Several years ago, I read Thomas Paine’s Common Sense. While I read it for different personal reasons (it was required for school and I was not taking classes at the time), I did not read it to search for any particular reason or for analysis. However, this past week, I had to.
I found Paine to be very vociferous in his rhetoric, which I say from a complementary perspective. Considering that during the time of Paine’s Common Sense writing specifically, the King was abusing and taking advantage of the Colonists and they appear to be waffling more or less between fighting a war of independence and remaining with England. I, therefore, can appreciate the fearlessness in creating such a work from someone who was directly from England himself.
What I found most interesting about Paine’s Common Sense however was the exclusion. He did apply what I thought was good old fashion reasoning to determine why slaves (what did they have to gain?) and Native American’s (The Colonists more or less took their land) should not fight for the cause. But I thought it was very interesting that he emphatically excluded the Jesuits and Quakers.
For those of who are unaware of who the Jesuits are (I was raised devout Catholic and I am supposed to know this stuff), the Jesuits are a religious order within the Catholic Church. It was founded in 1540 A.D. by a former Spanish solder who later became St. Ignatius Loyola. The order originally had seven members and is now one of the largest groups within the Catholic Church with more than 1,500 houses and monasteries in over 100 countries today. During Paine’s time, Jesuit convert and follower, Sir John Dalrymple, possessed a great deal of political favor with the King George III. Sir John’s piece entitled The Address of the People of England to the Inhabitants of America, of course, brought Paine’s severe wrath and intense loathing of the Jesuitical lot. What I found most interesting is that while Paine basically states (or at least my interpretation of it) that one can remain a Christian and fight, he wants nothing to do with those who although Christian, may maintain some type of loyalty to a king that holds the Colonists in what was deemed to be bondage.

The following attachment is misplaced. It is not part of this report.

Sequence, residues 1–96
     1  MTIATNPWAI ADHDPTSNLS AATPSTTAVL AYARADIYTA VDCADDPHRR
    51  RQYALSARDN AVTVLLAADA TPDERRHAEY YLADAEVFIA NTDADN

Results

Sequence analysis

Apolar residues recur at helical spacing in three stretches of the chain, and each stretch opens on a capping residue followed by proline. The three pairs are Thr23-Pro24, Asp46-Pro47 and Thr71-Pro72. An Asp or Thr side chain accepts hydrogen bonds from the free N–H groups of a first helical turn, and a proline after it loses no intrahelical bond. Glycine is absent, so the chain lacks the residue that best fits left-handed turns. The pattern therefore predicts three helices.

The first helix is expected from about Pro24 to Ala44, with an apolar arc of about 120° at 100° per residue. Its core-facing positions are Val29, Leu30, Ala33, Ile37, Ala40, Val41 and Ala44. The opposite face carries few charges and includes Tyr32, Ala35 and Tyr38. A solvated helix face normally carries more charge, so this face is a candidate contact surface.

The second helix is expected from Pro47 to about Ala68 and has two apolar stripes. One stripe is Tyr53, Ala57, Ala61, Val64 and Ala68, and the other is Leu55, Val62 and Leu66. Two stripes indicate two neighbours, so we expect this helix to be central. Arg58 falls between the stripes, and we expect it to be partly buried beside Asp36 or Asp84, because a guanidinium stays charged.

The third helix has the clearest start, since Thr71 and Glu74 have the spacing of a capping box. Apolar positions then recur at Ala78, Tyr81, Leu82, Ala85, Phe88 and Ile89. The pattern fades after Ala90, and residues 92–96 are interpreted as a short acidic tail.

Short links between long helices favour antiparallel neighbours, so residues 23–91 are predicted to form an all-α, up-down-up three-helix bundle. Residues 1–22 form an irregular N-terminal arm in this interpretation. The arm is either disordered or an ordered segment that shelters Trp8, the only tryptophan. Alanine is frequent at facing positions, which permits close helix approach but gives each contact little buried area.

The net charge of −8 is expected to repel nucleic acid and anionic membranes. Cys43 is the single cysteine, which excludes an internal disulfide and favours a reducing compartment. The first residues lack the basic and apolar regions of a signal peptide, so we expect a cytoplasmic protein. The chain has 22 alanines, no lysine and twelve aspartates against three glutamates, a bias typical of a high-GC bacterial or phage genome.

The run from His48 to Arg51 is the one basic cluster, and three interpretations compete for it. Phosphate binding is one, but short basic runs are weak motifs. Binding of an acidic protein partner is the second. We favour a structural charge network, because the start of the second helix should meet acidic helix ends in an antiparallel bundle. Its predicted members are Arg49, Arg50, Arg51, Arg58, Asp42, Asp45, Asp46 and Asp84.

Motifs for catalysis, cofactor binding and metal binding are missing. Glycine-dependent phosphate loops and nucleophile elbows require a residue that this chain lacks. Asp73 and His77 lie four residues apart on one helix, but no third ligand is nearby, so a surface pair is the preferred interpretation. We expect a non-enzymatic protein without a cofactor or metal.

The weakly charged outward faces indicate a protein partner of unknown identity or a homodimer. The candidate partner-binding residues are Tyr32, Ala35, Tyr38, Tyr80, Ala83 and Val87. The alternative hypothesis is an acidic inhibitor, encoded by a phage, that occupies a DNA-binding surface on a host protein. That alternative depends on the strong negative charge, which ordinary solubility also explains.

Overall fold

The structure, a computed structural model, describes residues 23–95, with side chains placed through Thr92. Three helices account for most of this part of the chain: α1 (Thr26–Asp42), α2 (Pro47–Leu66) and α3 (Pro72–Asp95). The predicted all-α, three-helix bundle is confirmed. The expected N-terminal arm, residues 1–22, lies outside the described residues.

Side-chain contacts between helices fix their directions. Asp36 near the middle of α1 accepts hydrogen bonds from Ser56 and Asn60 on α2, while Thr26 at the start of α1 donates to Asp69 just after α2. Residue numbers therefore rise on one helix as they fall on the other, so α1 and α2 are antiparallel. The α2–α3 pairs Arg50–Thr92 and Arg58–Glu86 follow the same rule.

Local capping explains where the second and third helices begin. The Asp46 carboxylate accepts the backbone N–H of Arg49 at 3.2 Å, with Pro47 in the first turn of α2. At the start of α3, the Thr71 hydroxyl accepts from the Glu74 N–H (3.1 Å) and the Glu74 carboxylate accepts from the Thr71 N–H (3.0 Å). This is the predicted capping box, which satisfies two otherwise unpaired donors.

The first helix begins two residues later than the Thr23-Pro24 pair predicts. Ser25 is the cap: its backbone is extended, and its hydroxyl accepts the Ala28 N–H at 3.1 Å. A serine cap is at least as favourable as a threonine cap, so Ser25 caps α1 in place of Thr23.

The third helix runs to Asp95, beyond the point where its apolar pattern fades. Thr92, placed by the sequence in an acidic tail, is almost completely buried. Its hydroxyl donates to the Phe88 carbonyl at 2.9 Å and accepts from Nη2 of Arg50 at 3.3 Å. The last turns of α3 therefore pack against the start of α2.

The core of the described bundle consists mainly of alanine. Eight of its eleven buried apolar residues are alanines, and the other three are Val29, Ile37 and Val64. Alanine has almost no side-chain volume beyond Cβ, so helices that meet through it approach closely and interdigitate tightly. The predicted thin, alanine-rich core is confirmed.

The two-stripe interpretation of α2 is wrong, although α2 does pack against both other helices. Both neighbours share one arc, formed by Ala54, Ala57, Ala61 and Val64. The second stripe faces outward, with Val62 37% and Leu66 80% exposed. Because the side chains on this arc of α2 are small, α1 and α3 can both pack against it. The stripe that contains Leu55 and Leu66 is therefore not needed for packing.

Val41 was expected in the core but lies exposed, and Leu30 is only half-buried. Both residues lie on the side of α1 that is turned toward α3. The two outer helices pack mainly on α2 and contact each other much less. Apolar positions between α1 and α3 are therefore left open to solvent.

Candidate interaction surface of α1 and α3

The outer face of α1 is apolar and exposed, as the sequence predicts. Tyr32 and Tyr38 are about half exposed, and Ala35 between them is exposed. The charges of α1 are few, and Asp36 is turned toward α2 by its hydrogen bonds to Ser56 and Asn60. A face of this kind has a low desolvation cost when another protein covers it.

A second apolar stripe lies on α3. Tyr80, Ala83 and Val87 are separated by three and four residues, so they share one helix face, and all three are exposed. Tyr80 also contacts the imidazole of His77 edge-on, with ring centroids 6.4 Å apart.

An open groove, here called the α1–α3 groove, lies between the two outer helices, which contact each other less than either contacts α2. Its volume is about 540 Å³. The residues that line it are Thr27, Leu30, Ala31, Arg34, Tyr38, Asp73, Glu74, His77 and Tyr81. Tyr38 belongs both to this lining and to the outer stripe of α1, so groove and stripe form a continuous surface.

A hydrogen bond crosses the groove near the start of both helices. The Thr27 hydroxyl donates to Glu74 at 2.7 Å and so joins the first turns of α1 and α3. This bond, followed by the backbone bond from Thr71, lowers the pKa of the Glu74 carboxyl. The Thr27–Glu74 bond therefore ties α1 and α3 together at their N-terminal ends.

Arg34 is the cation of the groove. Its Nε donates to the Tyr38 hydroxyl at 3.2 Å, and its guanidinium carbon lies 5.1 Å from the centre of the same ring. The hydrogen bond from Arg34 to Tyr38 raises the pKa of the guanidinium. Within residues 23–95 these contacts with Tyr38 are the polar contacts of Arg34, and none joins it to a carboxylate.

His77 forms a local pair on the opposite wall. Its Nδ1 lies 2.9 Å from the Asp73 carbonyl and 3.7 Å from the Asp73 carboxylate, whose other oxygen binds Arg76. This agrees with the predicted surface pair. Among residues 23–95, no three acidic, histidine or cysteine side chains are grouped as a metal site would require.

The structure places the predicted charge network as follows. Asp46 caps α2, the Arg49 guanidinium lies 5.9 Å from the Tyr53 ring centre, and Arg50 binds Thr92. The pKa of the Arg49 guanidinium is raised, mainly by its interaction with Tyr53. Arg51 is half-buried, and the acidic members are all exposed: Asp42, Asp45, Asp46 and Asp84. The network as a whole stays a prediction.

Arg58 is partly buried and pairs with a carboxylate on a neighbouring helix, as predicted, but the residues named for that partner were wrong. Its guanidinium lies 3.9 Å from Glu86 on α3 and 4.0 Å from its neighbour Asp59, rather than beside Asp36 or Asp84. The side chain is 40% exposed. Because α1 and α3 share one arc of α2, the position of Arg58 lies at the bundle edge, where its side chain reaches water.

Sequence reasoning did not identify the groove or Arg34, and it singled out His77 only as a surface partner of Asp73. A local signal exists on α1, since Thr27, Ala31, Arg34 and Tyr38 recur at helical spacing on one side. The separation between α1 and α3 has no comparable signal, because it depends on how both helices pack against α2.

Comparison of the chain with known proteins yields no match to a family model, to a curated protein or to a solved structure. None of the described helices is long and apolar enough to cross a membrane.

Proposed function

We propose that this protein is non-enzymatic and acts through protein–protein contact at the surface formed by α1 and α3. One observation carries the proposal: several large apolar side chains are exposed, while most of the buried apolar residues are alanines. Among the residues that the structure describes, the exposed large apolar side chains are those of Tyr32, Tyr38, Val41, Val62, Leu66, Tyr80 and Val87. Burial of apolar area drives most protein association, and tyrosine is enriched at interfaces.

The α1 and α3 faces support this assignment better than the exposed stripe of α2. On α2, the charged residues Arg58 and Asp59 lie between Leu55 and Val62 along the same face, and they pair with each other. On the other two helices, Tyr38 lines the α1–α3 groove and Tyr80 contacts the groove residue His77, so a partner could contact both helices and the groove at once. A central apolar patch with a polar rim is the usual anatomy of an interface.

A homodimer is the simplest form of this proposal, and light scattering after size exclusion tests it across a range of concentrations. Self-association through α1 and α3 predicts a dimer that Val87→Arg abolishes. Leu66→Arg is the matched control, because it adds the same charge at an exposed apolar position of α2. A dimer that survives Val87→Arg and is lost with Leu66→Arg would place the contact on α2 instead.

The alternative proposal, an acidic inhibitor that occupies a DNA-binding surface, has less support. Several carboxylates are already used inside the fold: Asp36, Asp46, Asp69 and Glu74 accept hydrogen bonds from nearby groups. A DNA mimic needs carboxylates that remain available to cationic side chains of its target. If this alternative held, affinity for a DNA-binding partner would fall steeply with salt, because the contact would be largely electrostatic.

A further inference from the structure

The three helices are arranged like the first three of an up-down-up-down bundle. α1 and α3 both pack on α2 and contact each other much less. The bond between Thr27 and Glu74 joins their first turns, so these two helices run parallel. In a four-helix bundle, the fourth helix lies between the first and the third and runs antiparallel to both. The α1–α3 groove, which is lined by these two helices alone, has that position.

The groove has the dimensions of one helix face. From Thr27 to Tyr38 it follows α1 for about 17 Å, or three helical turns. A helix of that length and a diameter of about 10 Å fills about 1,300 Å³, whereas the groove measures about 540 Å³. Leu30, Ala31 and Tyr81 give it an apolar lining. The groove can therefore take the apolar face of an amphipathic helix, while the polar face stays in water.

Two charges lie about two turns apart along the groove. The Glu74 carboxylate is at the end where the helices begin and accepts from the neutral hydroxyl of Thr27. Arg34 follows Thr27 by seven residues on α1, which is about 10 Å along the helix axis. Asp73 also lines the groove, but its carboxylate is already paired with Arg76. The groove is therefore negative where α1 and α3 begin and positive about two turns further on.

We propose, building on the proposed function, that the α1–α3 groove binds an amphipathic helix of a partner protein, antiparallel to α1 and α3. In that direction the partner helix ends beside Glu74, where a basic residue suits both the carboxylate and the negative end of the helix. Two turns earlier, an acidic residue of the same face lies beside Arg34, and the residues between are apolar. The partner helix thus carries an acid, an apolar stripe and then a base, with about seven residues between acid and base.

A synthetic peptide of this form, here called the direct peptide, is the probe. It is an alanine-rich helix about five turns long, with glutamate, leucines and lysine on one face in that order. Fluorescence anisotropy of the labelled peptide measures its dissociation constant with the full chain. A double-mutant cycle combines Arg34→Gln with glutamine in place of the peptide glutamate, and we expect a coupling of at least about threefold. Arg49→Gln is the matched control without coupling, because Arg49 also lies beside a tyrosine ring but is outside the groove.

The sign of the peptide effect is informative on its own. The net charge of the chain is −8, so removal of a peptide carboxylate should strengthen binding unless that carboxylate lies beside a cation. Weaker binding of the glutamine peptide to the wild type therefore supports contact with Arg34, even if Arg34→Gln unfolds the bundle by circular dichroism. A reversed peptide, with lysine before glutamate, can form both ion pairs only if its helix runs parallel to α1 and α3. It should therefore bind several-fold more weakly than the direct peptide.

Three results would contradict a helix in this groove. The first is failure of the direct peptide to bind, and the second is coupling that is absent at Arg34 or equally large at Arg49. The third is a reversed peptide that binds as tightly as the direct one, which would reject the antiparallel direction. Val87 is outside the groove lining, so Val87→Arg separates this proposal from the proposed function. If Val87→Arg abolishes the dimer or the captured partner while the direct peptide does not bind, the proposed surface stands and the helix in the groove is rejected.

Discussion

The other group Paine addresses involves the Quakers. Founded in England in the late 1640’s, the Quakers maintain a strong dislike and disapproval of war and slavery. In fact, many of the Quakers were strong and prominent abolitionists who jailed or lost their lives helping slaves. They are considered pacifists Christians and believe it is a sin to pick up arms and engage in battle. However, because Paine viewed this particular revolt as a blow to oppression, he did not believe it would be against Quaker beliefs. Paine instead argues that their pacifists views are more or less helpful to the oppressor rather than to the Colonists. In the section entitled Epistle to Quakers, Paine outlines why they should join in the fight and if not, why they are useless to the cause.
While I obviously appreciate Paine’s argument (we would probably still be mere Colonists if he had not made his writings available), I walked away from this week’s class with one prevailing thought—there will always be an “us vs. them” no matter what we as humans do. There will always be someone (myself included) who believes that if you do not think as I do, then there is no place for you. I am beginning to understand that such thoughts and beliefs are human nature whether I like it or not.